Postby Izawwlgood » Fri Mar 18, 2011 1:42 pm UTC

I've never heard of that term before, and I admit, I laughed when I first saw it, and the entire time I was reading the wiki.

I'm curious if you realize that intellectual property practices can HELP the lower classes, because anyone, not just the rich, can file a patent. The patent system is fundamentally based on the idea of protecting people with idea's and their idea's, and even the reality of it's execution is not oppressive to the 'shackled' poor at the hands of the wealthy.
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Re: Sony Music Entertainment has gone too far.

Postby Cryopyre » Fri Mar 18, 2011 4:17 pm UTC

The patent system and copyright system really only exist to help the rich. Only the rich can afford to protect it.

As an aside, there is nothing so crazy about Libertarian Socialism. Anarcho-syndicalism is actually the only Socialist ideology I can recall creating a functioning Socialist society. Comparatively, anarcho-capitalism has never actually worked.
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Re: Sony Music Entertainment has gone too far.

Postby Izawwlgood » Fri Mar 18, 2011 5:54 pm UTC

Cryopyre wrote:The patent system and copyright system really only exist to help the rich. Only the rich can afford to protect it.

I'd like to see a citation backing that.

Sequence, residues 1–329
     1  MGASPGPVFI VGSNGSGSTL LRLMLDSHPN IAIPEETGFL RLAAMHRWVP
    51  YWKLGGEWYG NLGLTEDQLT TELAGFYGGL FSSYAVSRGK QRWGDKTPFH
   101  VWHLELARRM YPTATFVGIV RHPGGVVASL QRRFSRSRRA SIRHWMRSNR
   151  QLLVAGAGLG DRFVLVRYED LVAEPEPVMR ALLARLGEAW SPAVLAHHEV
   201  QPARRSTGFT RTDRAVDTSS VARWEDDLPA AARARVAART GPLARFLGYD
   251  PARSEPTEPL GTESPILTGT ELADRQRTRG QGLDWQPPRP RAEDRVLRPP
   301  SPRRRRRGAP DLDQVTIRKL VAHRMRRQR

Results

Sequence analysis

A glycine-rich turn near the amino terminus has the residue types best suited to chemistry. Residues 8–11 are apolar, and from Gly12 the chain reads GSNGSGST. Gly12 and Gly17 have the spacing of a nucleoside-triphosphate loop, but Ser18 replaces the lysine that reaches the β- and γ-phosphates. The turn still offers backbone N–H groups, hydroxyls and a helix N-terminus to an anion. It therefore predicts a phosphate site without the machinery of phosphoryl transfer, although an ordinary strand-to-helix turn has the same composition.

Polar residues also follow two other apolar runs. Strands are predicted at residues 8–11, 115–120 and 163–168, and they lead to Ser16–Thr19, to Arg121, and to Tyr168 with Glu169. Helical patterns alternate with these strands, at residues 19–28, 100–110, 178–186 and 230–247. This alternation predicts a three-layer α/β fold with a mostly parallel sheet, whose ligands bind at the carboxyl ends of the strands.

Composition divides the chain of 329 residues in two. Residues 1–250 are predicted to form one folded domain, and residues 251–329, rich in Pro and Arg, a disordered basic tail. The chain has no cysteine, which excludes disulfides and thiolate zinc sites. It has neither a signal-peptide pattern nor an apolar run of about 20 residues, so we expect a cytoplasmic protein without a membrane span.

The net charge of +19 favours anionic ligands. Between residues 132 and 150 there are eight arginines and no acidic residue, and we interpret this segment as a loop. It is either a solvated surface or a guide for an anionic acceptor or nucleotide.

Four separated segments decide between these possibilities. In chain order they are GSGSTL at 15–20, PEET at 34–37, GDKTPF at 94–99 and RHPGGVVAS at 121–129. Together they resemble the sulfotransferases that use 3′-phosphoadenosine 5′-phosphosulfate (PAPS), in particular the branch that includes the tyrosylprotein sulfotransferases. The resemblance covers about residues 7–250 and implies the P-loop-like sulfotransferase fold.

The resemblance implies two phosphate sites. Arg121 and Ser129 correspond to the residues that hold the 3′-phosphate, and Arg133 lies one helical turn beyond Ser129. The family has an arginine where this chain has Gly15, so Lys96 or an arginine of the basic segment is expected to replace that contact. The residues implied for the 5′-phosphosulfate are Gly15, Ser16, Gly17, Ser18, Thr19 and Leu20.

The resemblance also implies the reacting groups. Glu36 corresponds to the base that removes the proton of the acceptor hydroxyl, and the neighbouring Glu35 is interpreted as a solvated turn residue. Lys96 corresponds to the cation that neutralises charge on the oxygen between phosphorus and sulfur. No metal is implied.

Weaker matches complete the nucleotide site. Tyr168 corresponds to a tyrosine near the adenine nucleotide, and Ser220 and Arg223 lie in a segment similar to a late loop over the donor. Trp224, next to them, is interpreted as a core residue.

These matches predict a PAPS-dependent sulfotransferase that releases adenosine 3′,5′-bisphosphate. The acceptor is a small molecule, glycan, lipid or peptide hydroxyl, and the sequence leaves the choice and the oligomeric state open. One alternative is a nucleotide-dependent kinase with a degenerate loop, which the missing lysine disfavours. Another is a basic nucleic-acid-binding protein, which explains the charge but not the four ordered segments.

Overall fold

Cryopyre wrote:As an aside, there is nothing so crazy about Libertarian Socialism.

Except for the paradox in the title; Libertarianism holds an individuals right to their property as it's highest tenants. Rand herself repeatedly stated things to the effect of 'Without personal property, there is no freedom' or 'Beware any organization which seeks to take your property'. Libertarian socialism is like saying "Capitalism minus the greed!" or "Socialism minus human nature!"
Cryopyre wrote:Anarcho-syndicalism is actually the only Socialist ideology I can recall creating a functioning Socialist society.

Er, what? Have you heard of a kibbutz?
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Re: Sony Music Entertainment has gone too far.

Postby Dream » Fri Mar 18, 2011 6:43 pm UTC

Izawwlgood wrote:
Cryopyre wrote:The patent system and copyright system really only exist to help the rich. Only the rich can afford to protect it.

I'd like to see a citation backing that.

More to the point, the system as implemented can be slanted towards the rich (most things in society are), without the concept being slanted at all. So it's no argument against copyright or patenting to say that they are set up to favour those who can afford them. That's an argument in favour of reform.